This is the approach I am currently using for one of my smaller pet projects. I’m going to be doing a lot of testing on my local machine using XAMPP, then going live with it using Dreamhost. It is also unfortunate that I’m forced to use an external DB. But, considering the first 16MB of database from MongoHQ is free, I’m totally satisfied with this for now.

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12 Responses to “How to Setup MongoDB PHP Extension on Shared Hosting”

  1. Jorge Says:

    Hi Phillip, I do a similar procedure:

    but they send me a notification

    Our automated system has come across the following activity under your account
    that is in violation of our Terms of Service. We request that you take any
    necessary action to cease the activity as quickly as possible or we will be
    forced to take further action. If you were not aware of any such activity,
    please feel free to contact support and we can look into the issue further.

    User username running “bin/mongod –dbpath data/db/ ” listening on port 27017.
    Network daemons are against our Terms of Service.

    you have received this message?


  2. Phillip Napieralski Says:

    Hey Jorge,

    It looks like you got that notification since you are actually hosting your Mongo database on dreamhost’s shared hosting. They don’t allow that :(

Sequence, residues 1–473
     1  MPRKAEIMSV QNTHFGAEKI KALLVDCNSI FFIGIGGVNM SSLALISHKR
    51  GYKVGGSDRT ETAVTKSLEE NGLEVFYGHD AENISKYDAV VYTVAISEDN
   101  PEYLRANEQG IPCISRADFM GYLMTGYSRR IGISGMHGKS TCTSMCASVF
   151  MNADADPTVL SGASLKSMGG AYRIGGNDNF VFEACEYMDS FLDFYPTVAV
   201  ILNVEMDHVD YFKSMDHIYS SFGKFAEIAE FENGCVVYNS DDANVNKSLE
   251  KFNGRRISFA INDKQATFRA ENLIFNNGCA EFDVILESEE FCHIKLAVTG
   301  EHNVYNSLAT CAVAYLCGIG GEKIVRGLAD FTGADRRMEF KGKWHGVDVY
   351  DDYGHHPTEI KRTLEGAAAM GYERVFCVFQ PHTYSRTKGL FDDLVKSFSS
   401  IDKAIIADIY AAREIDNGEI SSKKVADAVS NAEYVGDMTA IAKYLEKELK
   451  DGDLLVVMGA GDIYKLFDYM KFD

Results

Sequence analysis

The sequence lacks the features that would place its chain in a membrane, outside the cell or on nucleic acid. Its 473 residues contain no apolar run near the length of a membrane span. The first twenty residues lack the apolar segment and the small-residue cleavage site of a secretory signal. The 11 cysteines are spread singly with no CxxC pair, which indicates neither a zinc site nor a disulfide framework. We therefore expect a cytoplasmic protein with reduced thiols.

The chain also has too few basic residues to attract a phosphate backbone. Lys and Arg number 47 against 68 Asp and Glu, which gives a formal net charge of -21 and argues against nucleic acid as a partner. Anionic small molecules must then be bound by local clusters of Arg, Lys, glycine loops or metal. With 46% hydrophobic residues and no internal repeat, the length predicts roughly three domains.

What they DO allow, however, is to host your Mongo database externally (check out, and connect to it via PHP. It’s not ideal, but even the free MongoHQ database works for small projects.

    Hope that helps.

  3. Jorge Says:

    Yes it’s true

    I am thinking start a mongo database server on demand of a php script

    thanks for the answer

  4. Leander Says:

    Hmm, I can’t seem to get this to work on my dreamhost shared hosting.

    Everything went smoothly just as you had written in this tutorial, but then when I go to test it, it claims it can’t find the Mongo class. Even though I’ve made sure is in the $HOME/bin folder and it’s using the correct php.ini file… (phpinfo says the extension_dir is correct)

    Any ideas why I have this problem?

  5. Phillip Napieralski Says:

    Hey Leander,

    Is it possible you missed a step in the Dreamhost Wiki when setting up your custom php.ini? Try this:

    1. Create a .htaccess file in the root of your domain’s folder.
    2. Add the following code somewhere in the file:

    Options +ExecCGI
    AddHandler php5-cgi .php
    Action php-cgi /cgi-bin/php-wrapper.fcgi
    Action php5-cgi /cgi-bin/php-wrapper.fcgi

    3. Try again. Does it find the Mongo class now?

    Although, if you were getting the correct extension_dir before, I’m not entirely sure what else could be wrong. Let me know if you get it figured out!

  6. Fabricio Matías Quagliariello Says: